Tuesday, February 7, 2012

Freedom Riders. Freedom Writers. Freedom Bloggers?

Today, I stumbled upon the PBS Channel, and they were playing a great documentary about the Freedom Riders of May 1961. Over the course of 2-3 weeks, several busses traveled from Washington DC and Nashville, through the Deep South in hopes of arriving in Louisiana for a conference. They were brave folks (White and Black, male and female, young and old) who endured beatings, verbal abuse, and death threats just to spread the message of desegregation.

As I watched in awe, I was reminded of a book I read a few years ago for an education class, titled Freedom Writers. It has since been turned into a movie with Hilary Swank playing the role of Erin Gruwell, a teacher faced with a tough inner-city classroom deemed “unteachable” by the school and principal. The class adopted their name in honor of the Freedom Riders; they used the power of their voice and the power of their words to fight against the racism and discrimination surrounding them. The book had such an impact on me as a future educator that I still strive to be an advocate for all students facing bigotry.

What’s next for the Freedom Rider/Writer movement? Is it possible for today’s generation to take up the torch and continue the journey towards a more equal world? I hope so, but I am especially concerned when I stand in the lobby of my residence hall and hear groups of Black students call each other N****. Although I have had conversations where students have explained how they have molded this word into a powerful statement against the original use, my skin still crawls every time it is uttered. I worry that their grandfathers and grandmothers who rode those first integrated busses through Ku Klux Klan territory, both literally and figuratively, did so in vain.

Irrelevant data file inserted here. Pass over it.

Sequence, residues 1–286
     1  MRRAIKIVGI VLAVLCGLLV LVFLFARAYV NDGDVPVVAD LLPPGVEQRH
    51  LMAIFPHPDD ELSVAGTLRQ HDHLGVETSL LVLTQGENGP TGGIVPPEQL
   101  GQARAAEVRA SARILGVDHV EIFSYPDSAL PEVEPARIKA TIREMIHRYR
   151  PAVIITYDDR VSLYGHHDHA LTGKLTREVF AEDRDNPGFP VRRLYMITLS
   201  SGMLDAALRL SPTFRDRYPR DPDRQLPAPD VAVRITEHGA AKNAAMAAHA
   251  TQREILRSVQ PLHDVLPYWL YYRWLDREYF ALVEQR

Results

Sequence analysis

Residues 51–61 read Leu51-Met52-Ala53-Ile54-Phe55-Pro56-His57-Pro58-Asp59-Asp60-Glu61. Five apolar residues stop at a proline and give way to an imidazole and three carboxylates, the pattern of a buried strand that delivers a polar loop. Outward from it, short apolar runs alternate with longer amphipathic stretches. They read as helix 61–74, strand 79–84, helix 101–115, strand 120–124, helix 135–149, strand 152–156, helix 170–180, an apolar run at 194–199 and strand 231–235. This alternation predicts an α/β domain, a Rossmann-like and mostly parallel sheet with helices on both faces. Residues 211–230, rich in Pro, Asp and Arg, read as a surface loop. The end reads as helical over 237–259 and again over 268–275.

What would the riders or writers say to these students if they heard them casually toss around one of the most hated words in the English language? Would they accept the use of the N-word as a simple greeting among “homeboys”? As a White person, is it acceptable to ignore the use, out of fear of being labeled a racist who does not understand that it can be used within the race, but not outside of it? Either way, I think students, rappers, and society needs to reconsider the N-word's use. It’s not a greeting. It’s not an effectuate term. It’s not a rap lyric. It’s a horribly outdated, offensive term that should have been abolished with slavery. 

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